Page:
It takes great strength and commitment to face these challenges and not give up.  Not give up on yourself or the person now in a wheelchair.  To stand united in this new challenge and continue to be happy.   I see pictures of  my friend before it changed, the smiles the happy times, the love that is there. I see pictures now of my friend, and see that same smile and love that is still there.  I can guarantee it’s been a struggle for all of them, but it says a lot to me that they have faced this challenge and haven’t given up.

Life can be a challenge, and all the plans we make can change in an instant.  No one plans for a catastrophic life changing event, it is too unimaginable.  To do so, would make for a rather negative existence.  Like most people, we go along, making our plans thinking all will be fine.  For those that have had life challenges,  whether they be physical or not, it can be so easy to fall into “what could have been, or should have been ” before it all changed.  I admire your strength to move forward.

Make A Plan

“Make a plan”,  my husband tells me that all the time.  I try, I really do, but  he’s so much better at it.  I can get one started but I am so indecisive, and I procrastinate, that he just takes over and finishes the plans.  That isn’t always a bad thing either.  It’s not that he does it all, it really ends up a collaborative effort.

A few years back we were planning a cross-country trip in our RV, talk about a collaborative effort! It took many nights of pouring over maps and searching for places to stop on the way.  The only thing that was a certain, was that we needed to be in Michigan for my husbands parents anniversary/birthday party.  His parents were both turning 90 years old and it was their 65th wedding anniversary.

Coming from California, we have a couple of route choices, each with their own positive and negative aspects.  Not only was it the route to get to Michigan that needed to be decided, but the entire trip.  How long would we go, what else would we see, where would we go? And so the planning began.

We had one month for our trip .We chose to start on what is known as “The Loneliest road”, highway 50.  We would than go to Mt Rushmore, and on to Michigan. After the family party we would head to Niagara Falls, and New York city.  We planned to go to Washington DC, but when we heard our son’s friend was playing baseball that summer for the Cape Cod League, the plan changed, and we went to watch him instead.   A decision that turned out to be a true slice of all American fun.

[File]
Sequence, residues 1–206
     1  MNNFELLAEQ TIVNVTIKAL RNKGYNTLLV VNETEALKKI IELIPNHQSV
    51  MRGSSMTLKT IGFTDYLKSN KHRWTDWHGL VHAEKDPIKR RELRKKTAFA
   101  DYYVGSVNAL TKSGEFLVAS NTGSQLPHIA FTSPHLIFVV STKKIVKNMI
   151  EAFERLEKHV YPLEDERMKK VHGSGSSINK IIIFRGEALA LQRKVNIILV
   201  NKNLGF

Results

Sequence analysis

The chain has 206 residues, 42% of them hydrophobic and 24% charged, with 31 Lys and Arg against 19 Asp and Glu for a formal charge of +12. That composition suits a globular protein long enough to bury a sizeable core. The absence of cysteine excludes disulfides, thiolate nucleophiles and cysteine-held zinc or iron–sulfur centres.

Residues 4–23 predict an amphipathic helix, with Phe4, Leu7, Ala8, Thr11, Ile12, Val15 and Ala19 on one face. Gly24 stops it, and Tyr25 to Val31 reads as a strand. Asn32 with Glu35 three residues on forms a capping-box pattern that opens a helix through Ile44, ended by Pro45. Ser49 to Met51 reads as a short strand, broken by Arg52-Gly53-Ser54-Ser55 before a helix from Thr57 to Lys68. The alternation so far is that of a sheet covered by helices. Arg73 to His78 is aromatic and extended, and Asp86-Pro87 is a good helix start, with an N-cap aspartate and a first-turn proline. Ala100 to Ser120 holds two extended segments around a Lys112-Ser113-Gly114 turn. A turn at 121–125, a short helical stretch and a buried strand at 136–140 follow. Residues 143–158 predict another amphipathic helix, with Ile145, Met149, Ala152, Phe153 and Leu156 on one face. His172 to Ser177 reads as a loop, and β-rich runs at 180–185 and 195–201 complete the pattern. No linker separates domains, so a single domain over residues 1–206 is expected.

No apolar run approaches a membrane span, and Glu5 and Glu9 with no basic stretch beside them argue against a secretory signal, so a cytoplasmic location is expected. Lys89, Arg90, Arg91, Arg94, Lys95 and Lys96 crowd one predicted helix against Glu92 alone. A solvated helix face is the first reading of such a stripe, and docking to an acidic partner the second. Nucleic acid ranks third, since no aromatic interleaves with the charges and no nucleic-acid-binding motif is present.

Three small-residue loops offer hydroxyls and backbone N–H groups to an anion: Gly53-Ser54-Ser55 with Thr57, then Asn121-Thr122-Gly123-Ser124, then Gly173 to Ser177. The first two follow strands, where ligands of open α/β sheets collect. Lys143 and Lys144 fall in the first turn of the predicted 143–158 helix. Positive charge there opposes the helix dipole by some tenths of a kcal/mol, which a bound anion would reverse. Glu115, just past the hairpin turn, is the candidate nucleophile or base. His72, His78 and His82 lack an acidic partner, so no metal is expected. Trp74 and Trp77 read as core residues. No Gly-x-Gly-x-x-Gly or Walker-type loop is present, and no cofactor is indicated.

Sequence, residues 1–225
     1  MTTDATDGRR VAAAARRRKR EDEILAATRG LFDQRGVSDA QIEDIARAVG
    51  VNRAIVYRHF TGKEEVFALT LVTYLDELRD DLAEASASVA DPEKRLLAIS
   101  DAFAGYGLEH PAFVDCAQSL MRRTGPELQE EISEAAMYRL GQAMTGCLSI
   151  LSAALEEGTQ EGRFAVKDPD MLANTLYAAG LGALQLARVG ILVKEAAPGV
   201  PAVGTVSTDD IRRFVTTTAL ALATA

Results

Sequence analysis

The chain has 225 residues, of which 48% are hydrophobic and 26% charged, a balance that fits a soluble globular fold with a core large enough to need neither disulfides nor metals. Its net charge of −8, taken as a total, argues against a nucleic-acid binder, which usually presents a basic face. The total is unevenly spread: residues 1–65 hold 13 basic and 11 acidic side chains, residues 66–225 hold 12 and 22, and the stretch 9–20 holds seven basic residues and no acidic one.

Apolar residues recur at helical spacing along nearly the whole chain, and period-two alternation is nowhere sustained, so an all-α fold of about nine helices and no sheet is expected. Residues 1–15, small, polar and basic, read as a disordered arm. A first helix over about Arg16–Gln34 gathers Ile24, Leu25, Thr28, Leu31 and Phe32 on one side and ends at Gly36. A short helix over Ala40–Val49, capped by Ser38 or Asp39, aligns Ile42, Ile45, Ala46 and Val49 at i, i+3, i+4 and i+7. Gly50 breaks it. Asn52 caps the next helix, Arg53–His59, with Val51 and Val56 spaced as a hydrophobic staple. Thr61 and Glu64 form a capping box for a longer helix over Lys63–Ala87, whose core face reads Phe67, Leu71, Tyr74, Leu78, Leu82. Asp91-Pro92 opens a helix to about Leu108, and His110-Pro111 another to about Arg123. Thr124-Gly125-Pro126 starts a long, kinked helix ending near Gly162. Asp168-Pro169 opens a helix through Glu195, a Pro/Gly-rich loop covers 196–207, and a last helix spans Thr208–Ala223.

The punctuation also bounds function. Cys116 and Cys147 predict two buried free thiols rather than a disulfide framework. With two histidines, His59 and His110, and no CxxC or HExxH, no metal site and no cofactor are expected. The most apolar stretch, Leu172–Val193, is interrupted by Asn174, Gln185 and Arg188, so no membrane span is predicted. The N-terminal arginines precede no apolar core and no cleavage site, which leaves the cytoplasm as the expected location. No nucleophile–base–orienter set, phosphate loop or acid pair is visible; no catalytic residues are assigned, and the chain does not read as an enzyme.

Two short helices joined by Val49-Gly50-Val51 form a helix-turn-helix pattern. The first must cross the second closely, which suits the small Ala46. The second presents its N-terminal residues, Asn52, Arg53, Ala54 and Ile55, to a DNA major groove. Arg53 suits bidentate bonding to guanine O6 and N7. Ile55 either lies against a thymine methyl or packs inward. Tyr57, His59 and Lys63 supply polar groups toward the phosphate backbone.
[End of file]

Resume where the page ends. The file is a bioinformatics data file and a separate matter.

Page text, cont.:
The route home was a bit more direct, with a stop in Kansas to see the Wizard of Oz museum, than pretty much straight home.  All in all a lot of driving, tons of fun, a couple mishaps, that we fondly recall as “adventures” now.  But to be sure, one of the best trips we have taken to date.

What has become most important for me, for us, is that we had a plan.  Everything seems to come down to having a plan.  When my husband and I got married, we had a plan.  From the music played before, during and after the ceremony, to our vows, we had a plan.  For our life, after that ceremony, we have had a plan.  I admit, some of our plans have gone  awry, but we have adjusted, and are actually ahead of ourself and our plan. Countless nights have been spent pouring over bills and maps and music and  forms, making choices and putting it all into the current plan.

I believe that, as a family, we have made plans, shared our points of view, and though it may seem a bit lopsided at times, we have worked as a team.  While no plan is without its share of pitfalls,  we have weathered those adversities and are still hanging in there.  Each one of us has contributed, and I marvel at all we have accomplished so far.

My Mother’s Hands

I looked at my mothers hands the other day, and it struck me how much life I saw in them.  I marvel at those hands and recall all the strength and tenderness they have shown throughout the years.

When I was about 10 years old I had long hair, and I remember my mother brushing it into pony tails. She would quickly and softly brush it out and put the rubber bands in.  Also those summer days when I would come home from a day full of swimming and she would carefully untangle those same rubber bands, and brush out my now swimmers green hair.

Those summer evenings spent in the yard playing, watching as my mother would pull weeds out from among the patch of daisies that grew in the beds.  A tug here, a scrape there, the weed came out and the daisies bloomed.

Day after day my mother would fix our lunches for school. An assembly line of sandwiches, fruit and maybe a cookie, lovingly placed in a brown paper lunch bag for each of us.  Maybe not glamorous or our favorite, but always something good.

I remember, not long before my grandfather passed away, we were visiting and had tickets to a play. Because he was not well, he wasn’t going with us   I watched  as my mother took her father’s hands in hers, gently patted his hand as she spoke to him before we left for the evening.

It’s all those little things, the weeding of the garden the brushing of hair, the gentleness of holding her fathers hands in hers and countless other day-to-day activities.  Little things to be sure, but when I recall those moments in time I smile.  My mother’s hands- such strength, such life.